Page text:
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Letter: NFL quarterbacks silent protest raises question of when its proper to do so
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Chances are, if you are not a pro football fan or living in the San Francisco area, before a few days ago you had no idea who Colin Kaepernick is. In the last few days, however, he has become infamous.

For those of you who have not yet been bombarded by internet memes or television interviews, Colin is a quarterback for the San Francisco 49ers. He has become famous recently, not for his prowess on the football field but as the man who will not stand during the national anthem. Kaepernick is refusing to stand to protest the violence by police against people of color that has come to national attention since Michael Brown was shot by police in Ferguson, Mo., in August 2014.

I am not writing to cast judgment on the young quarterback. He could have, no doubt, protested in a different way, but it is not for me to say he could have done better or worse. The question I would like to ask is this: When is it OK to protest?

We have seen many protests about this exact issue in the past couple of years. We have seen people arrested, people killed, businesses looted and burned, highways shut down, etc. Some cities, like Gainesville, have gone out of their way to hold community meetings to discuss unity between the populous and the police. I am very proud to live in such a community, and I thank everyone who has been involved in the Gainesville United movement, but other cities are not so focused. Again: When is it OK to protest?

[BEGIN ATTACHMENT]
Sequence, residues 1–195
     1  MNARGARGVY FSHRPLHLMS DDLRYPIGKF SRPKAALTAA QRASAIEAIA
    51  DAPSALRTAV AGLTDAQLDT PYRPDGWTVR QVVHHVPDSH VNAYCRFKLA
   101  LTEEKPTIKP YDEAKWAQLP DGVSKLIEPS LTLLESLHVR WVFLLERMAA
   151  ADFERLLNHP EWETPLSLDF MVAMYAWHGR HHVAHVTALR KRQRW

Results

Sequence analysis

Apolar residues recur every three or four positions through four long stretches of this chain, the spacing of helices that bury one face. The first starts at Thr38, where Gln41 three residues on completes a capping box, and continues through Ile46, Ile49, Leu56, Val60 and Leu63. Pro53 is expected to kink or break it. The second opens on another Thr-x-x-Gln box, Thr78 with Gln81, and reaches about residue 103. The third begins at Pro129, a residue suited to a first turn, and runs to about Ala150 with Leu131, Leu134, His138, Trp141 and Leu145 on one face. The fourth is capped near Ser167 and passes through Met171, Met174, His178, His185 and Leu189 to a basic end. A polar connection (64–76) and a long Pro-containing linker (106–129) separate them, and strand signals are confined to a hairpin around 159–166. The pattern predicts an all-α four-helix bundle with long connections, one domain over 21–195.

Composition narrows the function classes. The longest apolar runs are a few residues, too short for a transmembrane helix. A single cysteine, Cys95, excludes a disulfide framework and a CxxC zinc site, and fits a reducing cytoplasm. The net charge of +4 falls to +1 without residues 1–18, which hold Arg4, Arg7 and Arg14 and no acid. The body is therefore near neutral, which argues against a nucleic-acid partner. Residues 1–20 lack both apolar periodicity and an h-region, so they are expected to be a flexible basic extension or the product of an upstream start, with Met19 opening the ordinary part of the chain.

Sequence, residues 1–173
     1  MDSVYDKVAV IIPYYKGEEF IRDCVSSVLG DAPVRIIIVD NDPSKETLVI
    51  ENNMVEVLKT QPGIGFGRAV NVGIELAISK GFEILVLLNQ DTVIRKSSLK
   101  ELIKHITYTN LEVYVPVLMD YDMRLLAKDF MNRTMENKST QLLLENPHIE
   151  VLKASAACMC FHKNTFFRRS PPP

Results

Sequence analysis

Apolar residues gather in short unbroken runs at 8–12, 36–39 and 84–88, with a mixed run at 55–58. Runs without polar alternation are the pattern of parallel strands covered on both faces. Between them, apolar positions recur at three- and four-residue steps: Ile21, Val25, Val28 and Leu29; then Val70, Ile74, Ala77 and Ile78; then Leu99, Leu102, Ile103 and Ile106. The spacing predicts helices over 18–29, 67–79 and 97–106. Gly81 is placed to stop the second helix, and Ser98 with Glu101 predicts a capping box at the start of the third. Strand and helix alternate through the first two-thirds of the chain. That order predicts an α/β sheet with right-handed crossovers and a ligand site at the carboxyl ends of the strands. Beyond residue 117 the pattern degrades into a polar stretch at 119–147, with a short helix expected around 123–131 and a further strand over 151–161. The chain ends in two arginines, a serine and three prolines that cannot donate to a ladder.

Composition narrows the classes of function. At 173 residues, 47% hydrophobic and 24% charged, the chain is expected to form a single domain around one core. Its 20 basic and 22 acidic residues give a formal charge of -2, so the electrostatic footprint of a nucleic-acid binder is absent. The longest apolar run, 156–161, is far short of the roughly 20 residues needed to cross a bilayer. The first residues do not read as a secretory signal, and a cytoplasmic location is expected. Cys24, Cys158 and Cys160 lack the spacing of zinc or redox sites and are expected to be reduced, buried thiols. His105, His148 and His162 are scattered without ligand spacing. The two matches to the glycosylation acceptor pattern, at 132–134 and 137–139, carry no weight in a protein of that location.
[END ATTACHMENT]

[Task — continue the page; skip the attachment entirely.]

Most people would say that the right to protest is ever present, guaranteed by the First Amendment. Yet, when people practice this right, for some reason there is public outrage. Kaepernick practiced his right, peacefully, by not standing during the singing of the national anthem, and the calls for his head are all over social media.

He is an overpaid brat. He is complaining about oppression, but he is making millions of dollars a year. It should be noted that Kaepernick has said that he is protesting not for himself but for people who don’t have a platform to talk and have their voices heard. If Colin has no right to protest because of his affluence, surely we can agree that people who are not rich have the right to be heard.

Not really. In June, when highways were shut down in Atlanta by protesters supporting the Black Lives Matter movement, Andrew Young, a man who is certainly familiar with marching in the streets, called the protesters “unlovable little brats.”

Kaepernick is a hypocrite because he is rich. The protesters in Atlanta have no right to assemble because they are disruptive. Do I have a right to protest? Am I too middle class? What prerequisites do we use to qualify someone’s right to speak out?

Maybe our speech should be judged by its merits instead of the speakers’ social standing.

Jeff Casper


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